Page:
The Seventh Crystal Structure Prediction (CSP) Blind Test has been announced. The ability to predict a crystal structure, especially one containing organic molecules, is of great importance to the pharmaceutical industries in their bid to design new drugs. Most new pharmaceutical compounds are patented using crystallographic data, and one of the areas of interest is polymorphism, where a molecule can form crystals with different structures. Each polymorph may have different properties, such as solubility differences that affect the drug uptake, and can be patented separately. The Cambridge Crystallographic Data Centre invites applications to participate.

Clearly, structure prediction is gaining in importance. By coincidence, just the other day, another type of structure prediction has hit the news. This is the announcement that has excited the media headlines from the recent Critical Assessment of Protein Structure Prediction (CASP) experiments. These have shown that it is possible, with apparently staggering success, to start with an amino acid sequence and predict the way it folds up into a protein molecule. For crystallographers, this raises a question. Do we still need to do diffraction measurements in structural biology? John Helliwell discusses this important topic in this issue of the Newsletter.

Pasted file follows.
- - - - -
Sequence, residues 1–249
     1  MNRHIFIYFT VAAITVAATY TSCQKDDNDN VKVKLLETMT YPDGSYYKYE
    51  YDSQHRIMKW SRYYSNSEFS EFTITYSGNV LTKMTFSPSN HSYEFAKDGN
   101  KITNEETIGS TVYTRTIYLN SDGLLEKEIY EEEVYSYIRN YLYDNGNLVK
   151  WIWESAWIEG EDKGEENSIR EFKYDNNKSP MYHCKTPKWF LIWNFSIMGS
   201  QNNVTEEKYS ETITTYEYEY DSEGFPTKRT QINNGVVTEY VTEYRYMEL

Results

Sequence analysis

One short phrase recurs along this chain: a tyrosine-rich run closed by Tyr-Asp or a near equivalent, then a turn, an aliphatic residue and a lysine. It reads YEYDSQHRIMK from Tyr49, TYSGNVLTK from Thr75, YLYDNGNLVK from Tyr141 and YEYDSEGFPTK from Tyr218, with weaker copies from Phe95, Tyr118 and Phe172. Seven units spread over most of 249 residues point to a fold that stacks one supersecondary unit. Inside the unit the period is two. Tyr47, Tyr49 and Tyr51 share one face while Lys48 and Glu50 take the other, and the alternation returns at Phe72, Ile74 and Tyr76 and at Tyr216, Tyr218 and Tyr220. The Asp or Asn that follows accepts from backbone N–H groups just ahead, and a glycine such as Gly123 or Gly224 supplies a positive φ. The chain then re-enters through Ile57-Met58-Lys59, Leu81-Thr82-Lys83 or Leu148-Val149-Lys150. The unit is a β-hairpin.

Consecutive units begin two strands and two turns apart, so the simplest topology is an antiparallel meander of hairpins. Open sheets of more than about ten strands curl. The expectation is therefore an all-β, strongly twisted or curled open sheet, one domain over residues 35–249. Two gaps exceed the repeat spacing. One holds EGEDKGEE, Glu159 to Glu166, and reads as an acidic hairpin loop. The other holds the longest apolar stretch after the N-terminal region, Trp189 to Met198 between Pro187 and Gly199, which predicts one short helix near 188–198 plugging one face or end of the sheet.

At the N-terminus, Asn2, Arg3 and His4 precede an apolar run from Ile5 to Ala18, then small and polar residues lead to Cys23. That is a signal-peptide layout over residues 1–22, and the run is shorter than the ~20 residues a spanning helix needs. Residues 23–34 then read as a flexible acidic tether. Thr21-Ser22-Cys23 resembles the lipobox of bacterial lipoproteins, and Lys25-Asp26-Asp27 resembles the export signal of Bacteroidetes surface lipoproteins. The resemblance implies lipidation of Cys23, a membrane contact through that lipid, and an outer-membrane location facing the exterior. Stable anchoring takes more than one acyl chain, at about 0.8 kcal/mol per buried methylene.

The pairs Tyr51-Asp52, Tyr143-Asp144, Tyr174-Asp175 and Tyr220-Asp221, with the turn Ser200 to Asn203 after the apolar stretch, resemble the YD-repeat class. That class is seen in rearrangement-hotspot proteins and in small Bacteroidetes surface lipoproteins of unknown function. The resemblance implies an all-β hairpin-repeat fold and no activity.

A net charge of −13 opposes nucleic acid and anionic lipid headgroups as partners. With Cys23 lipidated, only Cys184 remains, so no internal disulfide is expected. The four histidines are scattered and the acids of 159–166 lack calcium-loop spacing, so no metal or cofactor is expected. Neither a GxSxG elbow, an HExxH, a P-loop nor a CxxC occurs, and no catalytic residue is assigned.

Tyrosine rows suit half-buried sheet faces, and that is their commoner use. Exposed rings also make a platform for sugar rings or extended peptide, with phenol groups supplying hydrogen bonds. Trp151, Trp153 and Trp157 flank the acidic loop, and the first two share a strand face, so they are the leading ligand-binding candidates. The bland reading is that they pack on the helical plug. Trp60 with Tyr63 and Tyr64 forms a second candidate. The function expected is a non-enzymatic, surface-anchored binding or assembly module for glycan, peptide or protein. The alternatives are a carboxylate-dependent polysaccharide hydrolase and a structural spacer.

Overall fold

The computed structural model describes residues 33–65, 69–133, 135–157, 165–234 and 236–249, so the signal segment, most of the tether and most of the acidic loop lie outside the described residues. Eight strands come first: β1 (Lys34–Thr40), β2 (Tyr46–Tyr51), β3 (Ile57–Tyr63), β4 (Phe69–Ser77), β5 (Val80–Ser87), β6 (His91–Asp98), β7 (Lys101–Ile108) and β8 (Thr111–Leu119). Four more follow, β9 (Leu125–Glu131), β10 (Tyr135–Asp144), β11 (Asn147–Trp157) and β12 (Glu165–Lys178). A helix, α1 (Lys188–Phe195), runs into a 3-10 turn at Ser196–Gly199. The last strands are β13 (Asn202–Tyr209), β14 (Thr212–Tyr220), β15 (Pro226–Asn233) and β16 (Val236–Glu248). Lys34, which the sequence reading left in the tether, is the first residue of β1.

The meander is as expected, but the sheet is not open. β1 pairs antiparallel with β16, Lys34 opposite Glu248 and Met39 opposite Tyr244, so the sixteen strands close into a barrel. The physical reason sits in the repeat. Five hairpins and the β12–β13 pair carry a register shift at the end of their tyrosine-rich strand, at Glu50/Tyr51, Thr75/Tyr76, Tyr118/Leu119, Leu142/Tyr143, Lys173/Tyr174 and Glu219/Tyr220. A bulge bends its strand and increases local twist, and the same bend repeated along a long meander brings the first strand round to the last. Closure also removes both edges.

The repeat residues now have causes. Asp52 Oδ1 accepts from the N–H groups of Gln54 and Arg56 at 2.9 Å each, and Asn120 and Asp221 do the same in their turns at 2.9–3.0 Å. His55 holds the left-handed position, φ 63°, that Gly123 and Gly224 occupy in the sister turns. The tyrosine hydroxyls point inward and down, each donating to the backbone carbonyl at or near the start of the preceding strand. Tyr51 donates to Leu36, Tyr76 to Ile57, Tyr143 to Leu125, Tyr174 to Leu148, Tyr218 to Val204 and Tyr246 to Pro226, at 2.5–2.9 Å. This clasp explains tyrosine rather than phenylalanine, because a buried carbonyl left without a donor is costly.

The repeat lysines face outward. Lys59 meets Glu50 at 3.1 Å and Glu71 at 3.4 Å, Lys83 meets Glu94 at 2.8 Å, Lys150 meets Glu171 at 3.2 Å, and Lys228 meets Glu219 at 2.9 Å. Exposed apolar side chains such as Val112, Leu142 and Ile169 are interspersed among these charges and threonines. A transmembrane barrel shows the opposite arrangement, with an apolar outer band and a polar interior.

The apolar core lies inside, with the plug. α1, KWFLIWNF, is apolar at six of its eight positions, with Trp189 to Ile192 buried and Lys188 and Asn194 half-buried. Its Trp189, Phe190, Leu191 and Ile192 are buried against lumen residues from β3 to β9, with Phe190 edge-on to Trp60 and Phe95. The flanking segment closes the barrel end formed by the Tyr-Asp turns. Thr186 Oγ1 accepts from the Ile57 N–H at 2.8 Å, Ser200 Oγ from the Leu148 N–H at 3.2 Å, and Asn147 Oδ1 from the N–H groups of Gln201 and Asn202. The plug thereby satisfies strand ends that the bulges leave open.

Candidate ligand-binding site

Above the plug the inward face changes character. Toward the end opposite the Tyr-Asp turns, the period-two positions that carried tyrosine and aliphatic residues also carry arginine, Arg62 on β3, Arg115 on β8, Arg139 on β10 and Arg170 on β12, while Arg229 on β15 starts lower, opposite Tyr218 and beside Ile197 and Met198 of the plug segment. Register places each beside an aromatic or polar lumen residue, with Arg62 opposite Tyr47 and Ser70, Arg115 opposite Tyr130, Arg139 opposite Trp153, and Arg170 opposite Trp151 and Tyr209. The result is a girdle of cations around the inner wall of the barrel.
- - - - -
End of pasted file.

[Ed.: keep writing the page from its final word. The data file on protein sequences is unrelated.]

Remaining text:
One of the most disagreeable aspects of getting older is that you hear ever more often of the passing of old friends. So, it was with regret that I heard about the recent death, after a long illness, of Sir John Meurig Thomas. We both go back a long way, having first encountered each other when he sent in a manuscript for publication, and I was asked by the journal editor of the time to be a reviewer. It turned out, by chance, that I happened to be the only other person in the UK who had inside knowledge about the topic. I won’t bore you with the details, but suffice it to say that we got into a friendly discussion on the subject of his paper, which then led to a long-lasting friendship. John was a superb scientist, working both in the fields of crystallography and materials science. He was also an excellent speaker and science presenter. In 1987, when he was Director of the famous Royal Institution in London, he gave that year’s Christmas Lectures on Crystals and Lasers. I recommend that you watch these yourself here. I was lucky enough to be in the audience during his first lecture.